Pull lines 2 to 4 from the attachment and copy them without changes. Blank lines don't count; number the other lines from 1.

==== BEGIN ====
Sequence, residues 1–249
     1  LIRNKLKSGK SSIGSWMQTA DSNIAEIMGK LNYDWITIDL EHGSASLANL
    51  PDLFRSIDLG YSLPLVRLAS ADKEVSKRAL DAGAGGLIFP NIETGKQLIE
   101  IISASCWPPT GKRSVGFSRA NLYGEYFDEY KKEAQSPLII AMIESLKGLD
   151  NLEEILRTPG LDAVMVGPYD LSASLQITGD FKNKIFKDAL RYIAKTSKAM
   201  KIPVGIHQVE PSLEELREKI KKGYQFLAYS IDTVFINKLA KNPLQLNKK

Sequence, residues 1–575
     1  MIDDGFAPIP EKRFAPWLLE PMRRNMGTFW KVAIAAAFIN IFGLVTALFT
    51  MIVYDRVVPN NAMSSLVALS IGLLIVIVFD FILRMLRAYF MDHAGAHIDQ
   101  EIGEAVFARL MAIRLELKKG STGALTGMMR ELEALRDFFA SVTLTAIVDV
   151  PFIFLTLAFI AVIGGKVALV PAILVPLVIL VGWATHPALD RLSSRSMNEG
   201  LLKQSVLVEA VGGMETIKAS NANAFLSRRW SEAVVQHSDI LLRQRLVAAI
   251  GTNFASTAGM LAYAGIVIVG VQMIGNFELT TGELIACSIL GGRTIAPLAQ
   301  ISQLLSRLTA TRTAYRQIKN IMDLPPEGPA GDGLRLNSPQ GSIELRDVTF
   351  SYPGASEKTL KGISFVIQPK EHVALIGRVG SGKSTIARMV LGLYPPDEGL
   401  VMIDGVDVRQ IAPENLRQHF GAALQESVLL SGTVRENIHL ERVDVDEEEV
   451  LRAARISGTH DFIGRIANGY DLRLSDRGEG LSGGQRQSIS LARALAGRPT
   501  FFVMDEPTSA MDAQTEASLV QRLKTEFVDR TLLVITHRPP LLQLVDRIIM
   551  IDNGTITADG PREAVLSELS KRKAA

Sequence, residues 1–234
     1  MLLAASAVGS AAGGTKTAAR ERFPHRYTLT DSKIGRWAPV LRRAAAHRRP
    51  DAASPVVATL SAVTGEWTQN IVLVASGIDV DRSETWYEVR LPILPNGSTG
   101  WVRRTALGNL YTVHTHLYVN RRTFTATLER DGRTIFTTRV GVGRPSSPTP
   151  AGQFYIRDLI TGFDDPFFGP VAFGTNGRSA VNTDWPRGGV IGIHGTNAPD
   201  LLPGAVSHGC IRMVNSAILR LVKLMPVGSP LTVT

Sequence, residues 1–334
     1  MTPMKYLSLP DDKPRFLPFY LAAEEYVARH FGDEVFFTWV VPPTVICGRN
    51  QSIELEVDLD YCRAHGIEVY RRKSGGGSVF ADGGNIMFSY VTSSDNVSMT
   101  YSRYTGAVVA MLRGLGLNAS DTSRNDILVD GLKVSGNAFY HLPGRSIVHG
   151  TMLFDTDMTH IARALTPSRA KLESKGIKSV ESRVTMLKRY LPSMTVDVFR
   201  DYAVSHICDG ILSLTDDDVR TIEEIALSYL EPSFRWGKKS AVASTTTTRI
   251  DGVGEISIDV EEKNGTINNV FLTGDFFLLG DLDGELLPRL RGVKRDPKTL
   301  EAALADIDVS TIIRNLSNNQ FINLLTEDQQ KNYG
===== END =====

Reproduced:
     1  LIRNKLKSGK SSIGSWMQTA DSNIAEIMGK LNYDWITIDL EHGSASLANL
    51  PDLFRSIDLG YSLPLVRLAS ADKEVSKRAL DAGAGGLIFP NIETGKQLIE
   101  IISASCWPPT GKRSVGFSRA NLYGEYFDEY KKEAQSPLII AMIESLKGLD